Fernando: Latino, 30s
Kyiwam: black, early 20s, black hair
There are a few more characters who are introduced throughout the book. Not a lot of background info on them and some don’t have last names.
Fairly average voices, no real distinction. Conversations don’t last long.
Book is divided into 2 Parts. Profanity. Some chapters headed by date.
As mentioned, this book is pretty formulaic with no real surprises. I thought it might get into more of the history of the Monarchs, where and how they originated, how their influence worked throughout the centuries, how they influenced world events, etc. But, sadly, none of this was delved into.
Fairly clean writing but it’s a shorter book than most, so it’s a quick read.
This is good story but it could have used more meat. I thought it would have been interesting to learn more of the email the author received, the contents, how she handled it, and how it developed into the story.
By Erick Therme
Andy Crowl is the sole heir to his cousin’s house. Inside, he finds a dead rat…which starts him and his sister on a quest to solve the clues their cousin left for him. In doing so, family secrets are revealed.
An interesting puzzle case. I like those. Solve the clue, which leads to another, and another.
Andy Cowl: 30, smokes, likes puzzles, divorced
Kate Anne Crowl: Andy’s sister
Nate Shawler: shop owner, 300 lbs., scar on arm
Mary Moore: 5’, 200 lbs., aunt of Andy/Kate
Ricky Simms: cemetery groundskeeper, 60s, thick neck, widower
An interesting cast of characters. Mary has the most relevance to the game, but the others add to the plot.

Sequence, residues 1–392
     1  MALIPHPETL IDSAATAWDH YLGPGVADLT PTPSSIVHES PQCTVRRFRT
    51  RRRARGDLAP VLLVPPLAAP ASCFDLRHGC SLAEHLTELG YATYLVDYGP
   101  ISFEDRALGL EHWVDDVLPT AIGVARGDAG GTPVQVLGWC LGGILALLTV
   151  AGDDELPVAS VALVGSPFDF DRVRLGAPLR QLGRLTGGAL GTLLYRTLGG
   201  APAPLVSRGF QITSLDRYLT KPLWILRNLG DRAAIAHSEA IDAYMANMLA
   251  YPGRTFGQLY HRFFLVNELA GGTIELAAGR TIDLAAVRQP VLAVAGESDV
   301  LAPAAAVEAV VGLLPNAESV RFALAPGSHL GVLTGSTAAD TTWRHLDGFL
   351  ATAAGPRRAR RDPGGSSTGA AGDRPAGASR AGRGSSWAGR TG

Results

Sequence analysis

Some good voices. Nate’s easy going, Kate’s whinging, Ricky’s yelling. Some overuse of ‘ly’ adverbs on tag lines.
Book is divided into Days. Relatively short chapters. A couple instances of mild profanity.
I thought the story flowed fairly well with some hiccups. There were several cliffhangers and the next chapter would start with the person already out of danger and an explanation of how. That was a bit of a let down.
Mild action but nothing real intense. The story seemed a bit disjointed in places, but it was pretty easy to follow. One of the clues didn’t make sense and was never explained, but the story wrapped up well and left me feeling a bit for Andy, because he didn’t know the story was over.
Anyway, clean error free writing and a pretty good book.
By Erik Therme
Kaylee is invited to a friend’s house for a party. The attendees end up in an abandoned retirement home for a scavenger hunt. The hunt doesn’t last too long when Kaylee encounters a deaf boy. From there, danger lurks around every corner, especially when they find themselves locked inside the building
Not quite what I expected. I didn’t expect a ghost story, but this has some suspense.
Kaylee: 15, father and mother having marital problems, blonde
Jamie: 15, blonde, parents dead, owns a cat, has a mole on her lip
Ethan: 15, Jamie’s twin brother, dark hair, freckles
Wren: 15 dark hair, beaky nose
Anna: mud brown hair
Sidney Elizabeth: braided pigtails for hair, parents in prison
I thought the characters were pretty good and they interacted well together. Only a couple had last names. Since the story centered on Kaylee, I didn’t see a lot of development from the others. Jamie was missing in the story for a long time and though the reason is explained, I thought she should have had more play in being Kaylee’s antagonist.
Reasonably good voices and conversations went okay. Not a lot of time for extraneous stuff, but the arguments between the girls played out well.
First person from Kaylee’s POV.
This book doesn’t have any chapters. Except for the epilogue, it’s one long scene. I think writing it this way is fine.
The story is more for the YA or NA crowd. As mentioned, It wasn’t what expected.